Managing Oracle on Linux Certified Expert

I’m very happy to share that I’m now an OCE, besides the long standing OCP titles.

The full certification title is Oracle Database 10g Managing Oracle on Linux Certified Expert.

Oracle Database 10g Managing Oracle on Linux Certified Expert

To achieve it, I passed exam 1Z0-046 Oracle Database 10g: Managing Oracle on Linux for DBAs.

In order to study for the exam, in addition to my previous work experience on installing and managing Oracle databases on linux, I have read these two manuals:

Oracle 10gR2 Database Installation Guide for Linux x86

Oracle 10gR2 Administrator’s Reference for UNIX-Based Operating Systems

Good luck if you’re thinking about taking this exam.

Posted in Certification, Oracle, Personal | Tagged , | 1 Comment

Eventual bad performance for a query with a good plan

The user calls complaining that a recurrent report, which usually completes in 15-20 minutes, is running for a few hours now. You request some more information from the user about the report and its database session, and start troubleshooting:

    • Servers are healthy, no hardware failures.
    • Server loads are within acceptable thresholds.
    • ASM performance numbers are acceptable.
    • Database alert logs show no recent incidents.
    • The plan for the query looks good, with all tables being accessed through indexes (no FTSs) and with low cost.
    • AWR shows the plan for the query’s SQL_ID hasn’t changed in the last days.
    • A handful of V$SESSION samples shows the query is progressing (no locks, no cluster events).
    • A dozen calls to V$SESSION_WAIT_HISTORY shows a high amount of “db file sequential read” events, and this is confirmed by looking up the session history on Oracle Enterprise Manager: Oracle Session showing High Sequential Reads in OEM

So, what’s the catch? Why is an indexed, low-cost plan doing a lot of sequential reads?

By taking samples of the P1 column in V$SESSION_WAIT_HISTORY (which for the “db file sequential read” event means the data file number) and querying V$DATAFILE, you get this result:

select name filenames from v$datafile
  where file# in (206,633,729,717,716,98,400,376,1191,752);

Instead of index and table segments, the database is reading undo segments. Why is that?

When a data block is changed, Oracle stores the old values of the data on Undo segments. It happens this way so queries can retrieve a consistent image of the data as it was when the query (or its transaction) begun. This Oracle feature is called Multiversion Read Consistency and is detailed in the Database Concepts manual:

Whenever a user modifies data, Oracle Database creates undo entries, … Thus, multiple versions of the same data, all at different points in time, can exist in the database.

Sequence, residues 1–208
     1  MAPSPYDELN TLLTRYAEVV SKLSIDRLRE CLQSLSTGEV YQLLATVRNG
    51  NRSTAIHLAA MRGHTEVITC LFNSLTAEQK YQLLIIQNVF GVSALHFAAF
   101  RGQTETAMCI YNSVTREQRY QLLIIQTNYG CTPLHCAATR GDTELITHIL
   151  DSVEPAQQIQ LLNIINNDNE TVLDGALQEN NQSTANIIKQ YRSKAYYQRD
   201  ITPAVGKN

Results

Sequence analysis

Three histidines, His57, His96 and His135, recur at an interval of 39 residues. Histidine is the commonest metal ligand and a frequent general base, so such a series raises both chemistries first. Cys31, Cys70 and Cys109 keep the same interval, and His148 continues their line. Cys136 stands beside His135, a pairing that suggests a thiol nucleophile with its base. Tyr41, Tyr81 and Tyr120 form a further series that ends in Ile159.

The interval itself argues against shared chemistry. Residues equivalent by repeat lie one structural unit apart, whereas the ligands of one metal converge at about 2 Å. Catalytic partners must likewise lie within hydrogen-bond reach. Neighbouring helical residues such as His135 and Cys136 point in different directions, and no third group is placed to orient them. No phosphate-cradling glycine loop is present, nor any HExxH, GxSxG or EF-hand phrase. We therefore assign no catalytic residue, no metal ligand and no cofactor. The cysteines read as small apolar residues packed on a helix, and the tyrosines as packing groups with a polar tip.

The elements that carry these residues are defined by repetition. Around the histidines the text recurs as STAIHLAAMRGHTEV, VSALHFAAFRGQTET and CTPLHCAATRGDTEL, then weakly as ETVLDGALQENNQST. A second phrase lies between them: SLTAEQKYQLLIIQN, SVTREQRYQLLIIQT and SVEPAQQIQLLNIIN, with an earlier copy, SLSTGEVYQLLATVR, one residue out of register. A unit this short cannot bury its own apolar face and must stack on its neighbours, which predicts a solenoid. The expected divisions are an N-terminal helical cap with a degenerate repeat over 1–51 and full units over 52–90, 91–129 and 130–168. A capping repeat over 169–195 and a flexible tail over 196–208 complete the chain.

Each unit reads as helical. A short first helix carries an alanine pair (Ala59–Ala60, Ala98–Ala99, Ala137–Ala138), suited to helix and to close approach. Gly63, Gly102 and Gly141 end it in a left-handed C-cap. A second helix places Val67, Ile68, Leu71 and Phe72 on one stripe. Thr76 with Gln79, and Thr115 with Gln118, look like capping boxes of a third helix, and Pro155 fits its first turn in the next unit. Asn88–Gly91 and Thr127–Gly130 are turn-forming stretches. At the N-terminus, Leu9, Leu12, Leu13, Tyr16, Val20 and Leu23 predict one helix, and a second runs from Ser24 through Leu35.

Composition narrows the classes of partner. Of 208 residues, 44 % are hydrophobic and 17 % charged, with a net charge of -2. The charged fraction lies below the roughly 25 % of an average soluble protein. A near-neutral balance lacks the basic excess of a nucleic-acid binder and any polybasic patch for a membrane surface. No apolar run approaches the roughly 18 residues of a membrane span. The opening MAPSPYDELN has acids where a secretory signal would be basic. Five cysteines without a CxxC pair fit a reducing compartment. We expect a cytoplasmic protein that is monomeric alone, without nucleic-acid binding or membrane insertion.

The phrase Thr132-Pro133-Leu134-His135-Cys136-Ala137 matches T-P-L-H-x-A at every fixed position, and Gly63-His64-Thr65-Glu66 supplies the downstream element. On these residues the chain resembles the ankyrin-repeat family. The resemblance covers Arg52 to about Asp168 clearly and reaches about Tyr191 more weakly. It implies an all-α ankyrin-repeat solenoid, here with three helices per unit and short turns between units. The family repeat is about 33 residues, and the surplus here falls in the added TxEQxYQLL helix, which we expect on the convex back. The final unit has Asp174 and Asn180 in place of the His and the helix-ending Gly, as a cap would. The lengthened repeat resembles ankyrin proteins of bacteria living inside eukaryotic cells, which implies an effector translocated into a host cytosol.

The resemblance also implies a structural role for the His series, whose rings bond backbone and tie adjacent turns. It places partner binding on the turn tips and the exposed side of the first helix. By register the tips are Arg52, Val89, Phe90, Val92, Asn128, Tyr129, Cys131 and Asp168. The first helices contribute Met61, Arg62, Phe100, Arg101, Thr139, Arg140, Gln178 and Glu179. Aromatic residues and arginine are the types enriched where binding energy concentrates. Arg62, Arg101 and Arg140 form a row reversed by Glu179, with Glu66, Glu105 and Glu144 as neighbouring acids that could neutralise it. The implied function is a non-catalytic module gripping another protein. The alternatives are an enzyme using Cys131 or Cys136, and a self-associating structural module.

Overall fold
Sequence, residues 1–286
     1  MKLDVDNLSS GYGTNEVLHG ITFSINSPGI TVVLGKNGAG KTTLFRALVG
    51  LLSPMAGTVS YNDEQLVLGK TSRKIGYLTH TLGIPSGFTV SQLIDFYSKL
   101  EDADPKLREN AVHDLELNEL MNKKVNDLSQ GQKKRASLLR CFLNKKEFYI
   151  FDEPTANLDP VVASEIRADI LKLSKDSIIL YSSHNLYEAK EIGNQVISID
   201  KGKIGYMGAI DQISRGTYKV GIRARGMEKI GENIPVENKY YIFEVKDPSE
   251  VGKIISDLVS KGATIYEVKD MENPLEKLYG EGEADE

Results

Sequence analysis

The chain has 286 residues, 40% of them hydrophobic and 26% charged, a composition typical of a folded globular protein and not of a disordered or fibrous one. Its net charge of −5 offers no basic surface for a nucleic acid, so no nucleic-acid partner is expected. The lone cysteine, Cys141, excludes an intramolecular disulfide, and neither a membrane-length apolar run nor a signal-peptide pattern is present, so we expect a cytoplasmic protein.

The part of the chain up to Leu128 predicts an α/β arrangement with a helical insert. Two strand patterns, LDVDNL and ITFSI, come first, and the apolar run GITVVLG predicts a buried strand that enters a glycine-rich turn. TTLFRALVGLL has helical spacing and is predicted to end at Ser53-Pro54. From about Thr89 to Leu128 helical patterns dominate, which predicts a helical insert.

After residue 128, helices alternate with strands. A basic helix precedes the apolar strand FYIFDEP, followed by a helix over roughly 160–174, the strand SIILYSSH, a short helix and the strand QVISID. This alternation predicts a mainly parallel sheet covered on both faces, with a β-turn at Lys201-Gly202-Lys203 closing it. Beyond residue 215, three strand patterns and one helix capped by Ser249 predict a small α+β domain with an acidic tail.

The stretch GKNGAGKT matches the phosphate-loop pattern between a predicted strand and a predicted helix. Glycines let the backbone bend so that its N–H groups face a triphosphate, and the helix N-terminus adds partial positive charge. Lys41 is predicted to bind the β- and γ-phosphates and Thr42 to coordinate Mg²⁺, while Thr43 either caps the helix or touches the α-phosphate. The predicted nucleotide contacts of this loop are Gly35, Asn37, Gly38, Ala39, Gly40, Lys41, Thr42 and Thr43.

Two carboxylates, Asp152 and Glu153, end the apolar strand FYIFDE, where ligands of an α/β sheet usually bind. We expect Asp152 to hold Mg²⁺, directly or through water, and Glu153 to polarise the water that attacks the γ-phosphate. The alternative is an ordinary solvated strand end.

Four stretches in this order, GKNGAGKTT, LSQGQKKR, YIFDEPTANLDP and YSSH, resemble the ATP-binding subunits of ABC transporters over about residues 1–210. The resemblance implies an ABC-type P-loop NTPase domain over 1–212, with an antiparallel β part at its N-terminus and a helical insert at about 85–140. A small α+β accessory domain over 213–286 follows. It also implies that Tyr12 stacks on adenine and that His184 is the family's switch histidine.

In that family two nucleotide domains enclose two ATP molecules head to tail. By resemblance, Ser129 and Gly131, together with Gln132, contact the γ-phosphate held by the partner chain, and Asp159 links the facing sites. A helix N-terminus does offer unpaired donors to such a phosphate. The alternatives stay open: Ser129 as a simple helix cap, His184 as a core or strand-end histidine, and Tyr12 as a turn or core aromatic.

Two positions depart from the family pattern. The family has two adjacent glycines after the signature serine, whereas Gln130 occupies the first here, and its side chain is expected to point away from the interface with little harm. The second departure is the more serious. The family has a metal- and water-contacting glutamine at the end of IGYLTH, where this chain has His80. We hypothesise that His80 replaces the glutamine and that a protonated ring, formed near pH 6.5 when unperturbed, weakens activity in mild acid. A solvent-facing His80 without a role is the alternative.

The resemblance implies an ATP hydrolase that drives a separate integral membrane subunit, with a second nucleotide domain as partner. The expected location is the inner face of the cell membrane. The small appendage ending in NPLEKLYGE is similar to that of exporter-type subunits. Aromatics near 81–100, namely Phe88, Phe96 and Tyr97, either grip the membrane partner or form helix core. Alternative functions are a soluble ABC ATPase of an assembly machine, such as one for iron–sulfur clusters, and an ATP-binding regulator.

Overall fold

It happens that one of the tables read by this query gets frequent updates on a set of rows. As the query started, data got changed once, twice and eventually several times.

In this situation, the query’s server process has to fetch multiple undo blocks for each data block it wants, until it finds the version of the block consistent with the time it started, and this is a time and resource consuming operation.

The worst cases may even lead to the dreadful “ORA-01555: snapshot too old” issue.

The best solution for this situation is to have the report and the data changes run separately. As a workaround, killing the report and running it again will yield good results, unless the data changes again.

If you want to know more, deeper information on this subject (beyond Oracle’s own documentation) can be found on these two excellent blog posts:

Feel free to leave a comment if you’d like to ask anything about this topic.

Posted in Oracle, Performance | Tagged , , , , , , , | 2 Comments

Predicting Oracle Transaction Rollback Time

While waiting for a large transaction to roll back, I’ve cooked this spreadsheet which can, to some extent (not precise, just estimated – use at your own risk) predict how long it will take for the rollback to complete.

ScreenshotThe spreadsheet takes as input the amount of undo records used by the transaction at two points in time (USED_UREC field from V$TRANSACTION) and the time you got both values, it then calculates the speed at which the rollback is happening, and makes a prediction.

Click to download the Rollback Prediction Spreadsheet, and please let me know if you like it. Thanks!

Posted in Oracle, Performance, Troubleshoot | Tagged , | Leave a comment

11g: handling error ORA-00752 – lost write of a data block in the PRIMARY database

With the recent (11gR1) addition of lost write detection techniques, Oracle has one more tool to help avoid data losses.

Prerequisites to it are having a physical standby database applying logs and the parameters enabled in both the primary and the standby databases.

Lost writes may happen both in primary and in standby databases. Although both kinds of messages are raised on the standby database, it is very important to be aware of the two different situations and react accordingly.

The easier-to-solve issue is when the lost write happened in the standby database itself. The error message in this case presents error code ORA-00600 [3020], and the solution is to restore a good backup of the affected datafile to the standby.